I try to discourage parents from reading beginning reader books to their toddlers and preschoolers. Lots of them are fun--and the texts are brief, which may make them easier for short attention spans, but they lack the full language pre-readers need so much. They need books with full language, lots of new vocabulary, and if they do have brief texts, they ought to have lots to talk about in the pictures.
On the other hand, if you want to do Seuss at story hours, you've got a problem because his other, non-beginning reader books tend to have long,long texts with tons of tongue tangling made-up words. This is a big part of Seuss's charm for children, but it does make things hard on the grownups. And when you are a librarian doing story hours for a group, multiply that by 100 at least!
But certain Seuss and Seussian beginning readers DO lend themselves to lots of interaction between adults and children.And it's those that I gravitate to when it's time to do a Seuss program:
I did this book with my 3-5 year old set, and brought in a drum. I let them try using "one thumb", then"one hand" and then "two hands". Each child got a turn. Some did patterns--real music, some just banged away, but all had fun. If you have enough drums or such to give everyone their own, you could try that, but I like doing it this way--more controlled and less cacophony!
We also beat out some of the rhythms just with our hands, and mimed some of the other actions.All of it was fun.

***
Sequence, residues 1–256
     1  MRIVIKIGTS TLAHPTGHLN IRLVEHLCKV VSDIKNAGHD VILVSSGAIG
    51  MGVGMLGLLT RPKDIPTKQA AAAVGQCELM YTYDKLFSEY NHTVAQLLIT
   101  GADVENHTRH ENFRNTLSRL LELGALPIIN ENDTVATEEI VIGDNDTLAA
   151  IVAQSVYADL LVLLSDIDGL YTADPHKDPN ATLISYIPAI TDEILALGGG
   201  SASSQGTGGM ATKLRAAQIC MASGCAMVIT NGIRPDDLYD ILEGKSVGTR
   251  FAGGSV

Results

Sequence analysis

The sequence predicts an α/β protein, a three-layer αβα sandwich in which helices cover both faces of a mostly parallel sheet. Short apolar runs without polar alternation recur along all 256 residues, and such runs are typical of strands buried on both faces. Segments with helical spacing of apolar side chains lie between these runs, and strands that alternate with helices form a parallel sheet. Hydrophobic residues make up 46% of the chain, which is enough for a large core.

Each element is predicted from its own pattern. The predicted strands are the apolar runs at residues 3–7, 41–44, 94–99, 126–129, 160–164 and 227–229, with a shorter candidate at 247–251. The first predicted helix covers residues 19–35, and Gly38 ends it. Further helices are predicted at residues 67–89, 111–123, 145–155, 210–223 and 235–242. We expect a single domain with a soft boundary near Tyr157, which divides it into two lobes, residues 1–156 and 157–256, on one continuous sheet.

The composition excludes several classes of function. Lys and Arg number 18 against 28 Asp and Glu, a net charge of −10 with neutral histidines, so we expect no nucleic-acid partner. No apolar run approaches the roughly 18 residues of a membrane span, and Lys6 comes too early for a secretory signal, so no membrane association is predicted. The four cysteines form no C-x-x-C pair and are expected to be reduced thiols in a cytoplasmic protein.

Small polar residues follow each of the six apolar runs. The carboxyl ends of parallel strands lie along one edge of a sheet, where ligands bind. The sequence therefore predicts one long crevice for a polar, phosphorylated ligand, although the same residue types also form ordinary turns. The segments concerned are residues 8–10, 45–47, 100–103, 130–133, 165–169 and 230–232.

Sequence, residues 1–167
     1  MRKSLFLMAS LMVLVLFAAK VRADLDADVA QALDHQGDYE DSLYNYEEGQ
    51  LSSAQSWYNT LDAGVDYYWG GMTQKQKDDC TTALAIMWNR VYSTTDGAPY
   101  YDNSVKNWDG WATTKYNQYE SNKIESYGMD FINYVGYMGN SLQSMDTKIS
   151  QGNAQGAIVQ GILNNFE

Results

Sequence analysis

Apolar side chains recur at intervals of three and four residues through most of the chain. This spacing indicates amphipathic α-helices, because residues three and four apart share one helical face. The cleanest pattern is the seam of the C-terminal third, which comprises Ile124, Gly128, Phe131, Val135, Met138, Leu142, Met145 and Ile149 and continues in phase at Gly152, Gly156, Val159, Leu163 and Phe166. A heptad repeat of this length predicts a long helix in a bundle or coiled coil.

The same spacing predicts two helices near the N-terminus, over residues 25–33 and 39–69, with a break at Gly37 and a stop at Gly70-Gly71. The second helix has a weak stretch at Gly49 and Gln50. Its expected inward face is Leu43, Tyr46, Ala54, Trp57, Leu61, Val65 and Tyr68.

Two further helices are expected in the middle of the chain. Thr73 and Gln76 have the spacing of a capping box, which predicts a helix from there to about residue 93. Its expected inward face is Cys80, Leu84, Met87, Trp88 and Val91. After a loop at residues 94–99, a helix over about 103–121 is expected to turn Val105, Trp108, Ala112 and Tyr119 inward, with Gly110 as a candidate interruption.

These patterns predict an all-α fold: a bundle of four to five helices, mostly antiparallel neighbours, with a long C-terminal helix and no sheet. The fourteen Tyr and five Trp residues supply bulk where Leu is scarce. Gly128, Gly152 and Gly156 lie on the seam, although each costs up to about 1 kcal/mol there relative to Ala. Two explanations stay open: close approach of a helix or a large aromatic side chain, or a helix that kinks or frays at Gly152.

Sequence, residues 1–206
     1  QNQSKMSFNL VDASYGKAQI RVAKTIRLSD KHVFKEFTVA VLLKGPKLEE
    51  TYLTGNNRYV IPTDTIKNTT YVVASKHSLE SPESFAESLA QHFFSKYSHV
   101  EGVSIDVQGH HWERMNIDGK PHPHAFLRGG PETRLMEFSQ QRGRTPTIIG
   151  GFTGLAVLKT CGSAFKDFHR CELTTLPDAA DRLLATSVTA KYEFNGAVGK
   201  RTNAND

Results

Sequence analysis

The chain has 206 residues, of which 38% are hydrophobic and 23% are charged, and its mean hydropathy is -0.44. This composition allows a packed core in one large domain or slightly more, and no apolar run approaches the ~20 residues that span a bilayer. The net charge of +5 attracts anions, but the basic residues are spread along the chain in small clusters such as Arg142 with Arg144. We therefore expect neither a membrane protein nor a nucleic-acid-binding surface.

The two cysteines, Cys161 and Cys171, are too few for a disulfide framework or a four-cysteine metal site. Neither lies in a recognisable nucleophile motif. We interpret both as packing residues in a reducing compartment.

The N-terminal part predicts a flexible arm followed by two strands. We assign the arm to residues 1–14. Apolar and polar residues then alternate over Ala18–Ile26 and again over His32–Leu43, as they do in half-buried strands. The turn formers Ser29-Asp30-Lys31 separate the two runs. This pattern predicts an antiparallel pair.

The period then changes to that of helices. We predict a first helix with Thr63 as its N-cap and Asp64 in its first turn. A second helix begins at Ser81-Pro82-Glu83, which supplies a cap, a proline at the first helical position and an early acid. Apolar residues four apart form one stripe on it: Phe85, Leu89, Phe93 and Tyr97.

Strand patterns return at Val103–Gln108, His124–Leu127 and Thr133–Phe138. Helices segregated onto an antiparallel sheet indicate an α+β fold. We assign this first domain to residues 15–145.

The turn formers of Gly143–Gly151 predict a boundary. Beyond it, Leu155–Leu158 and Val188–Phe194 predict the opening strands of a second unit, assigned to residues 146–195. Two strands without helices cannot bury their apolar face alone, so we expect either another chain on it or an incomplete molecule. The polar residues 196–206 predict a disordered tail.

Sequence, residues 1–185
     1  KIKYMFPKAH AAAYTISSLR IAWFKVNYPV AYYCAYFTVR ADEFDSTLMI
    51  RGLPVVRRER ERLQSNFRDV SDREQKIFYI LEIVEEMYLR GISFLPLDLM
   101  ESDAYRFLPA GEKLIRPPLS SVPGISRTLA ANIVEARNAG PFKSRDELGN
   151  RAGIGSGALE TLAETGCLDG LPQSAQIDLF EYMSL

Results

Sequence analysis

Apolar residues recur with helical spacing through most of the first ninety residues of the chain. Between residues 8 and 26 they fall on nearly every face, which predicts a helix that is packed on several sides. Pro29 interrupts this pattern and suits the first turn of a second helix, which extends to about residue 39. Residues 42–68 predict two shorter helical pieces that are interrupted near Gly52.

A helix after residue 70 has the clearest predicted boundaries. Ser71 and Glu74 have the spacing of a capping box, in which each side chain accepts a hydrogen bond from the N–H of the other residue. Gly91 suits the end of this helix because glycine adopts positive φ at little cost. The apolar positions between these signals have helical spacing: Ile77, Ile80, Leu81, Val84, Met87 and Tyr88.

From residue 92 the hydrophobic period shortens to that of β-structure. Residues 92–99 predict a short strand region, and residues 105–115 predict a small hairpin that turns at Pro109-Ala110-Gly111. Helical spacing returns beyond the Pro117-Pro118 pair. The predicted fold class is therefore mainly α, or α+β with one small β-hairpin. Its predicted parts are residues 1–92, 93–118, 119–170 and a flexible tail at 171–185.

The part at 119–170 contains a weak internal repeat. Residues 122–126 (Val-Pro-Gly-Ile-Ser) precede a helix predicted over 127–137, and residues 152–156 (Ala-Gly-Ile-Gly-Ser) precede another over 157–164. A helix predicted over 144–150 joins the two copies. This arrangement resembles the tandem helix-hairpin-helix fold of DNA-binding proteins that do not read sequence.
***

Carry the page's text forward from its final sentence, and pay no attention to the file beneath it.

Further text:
BTW, this is by Al Perkins, NOT Doctor Seuss. But try finding info about Al Perkins--it's just not there. Perhaps it was another of Seuss's pseudonyms.......
"A Book Of Wonderful Noises" This is a bit hard on the throat, but the enthusiasm with which even the 2 year olds respond to this book is truly impressive. And I am SURE that a "hippopotamus chewing gum" would really sound like "Grum, Grum"
I was reading this and was reminded of the wonderful sequence in "The Phantom Tollbooth" where Milo meets the Soundkeeper, and the sound of "an octopus opening a cellophane covered bathtub". Wonder if Seuss ever read that--bet he would have been a fan!
"Green Eggs and Ham", voiced by Paul Winchell (also the voice of Tigger in Winnie the Pooh) was one of those cartoons and one of my favorites. So I was inspired to find a way to do it for the kids. And my method is props:
1)Sam I Am doll/toy
3)House prop (puppet show scenery)
4)Box (yellow box on floor)
6)Tree (display prop)
7)Car (toy car)
8)Mini-umbrella (for Rain)
9)Thomas the Tank Engine Whistle (train)
10)Goat (big stick puppet)
11)Boat (wind sock toy)
12)Cat in the Hat Hat for me to wear
I couldn't figure out a way to do "dark"--hard to turn off the lights and too awkward to duck under a blanket, so I just omitted it. And next time I am going to make signs saying "here" and "there".
The "green eggs and ham" are barely visible under the umbrella--I blew up a cardboard cut out, backed it with stiff felt and used it that way. Next year I intend to make a green felt ham (you can buy them via Etsy, BTW) and use 2 green plastic eggs!
For use it again I will. The kids loved this and joined in repeating all the items each time, which is good literacy practice.
But above all this was FUN, in the best Seussian fashion.
I looked at crafts, decided that they were all too fussy, too patterned and totally contrary to Seuss's
way of thinking:
You have brains in your head. You have feet in your shoes.
You can steer yourself in any direction you choose.
You're on your own. And you know what you know.
...You are the guy (or gal) who'll decide where to go.
So we watched the original, real "Green Eggs and Ham" and they each got a lovely fox stamp, since for some ridiculous reason there are no Seuss stamps at all. Of all the things NOT to sell..
And I hope none of them go to see that stupid "Lorax" travesty this weekend!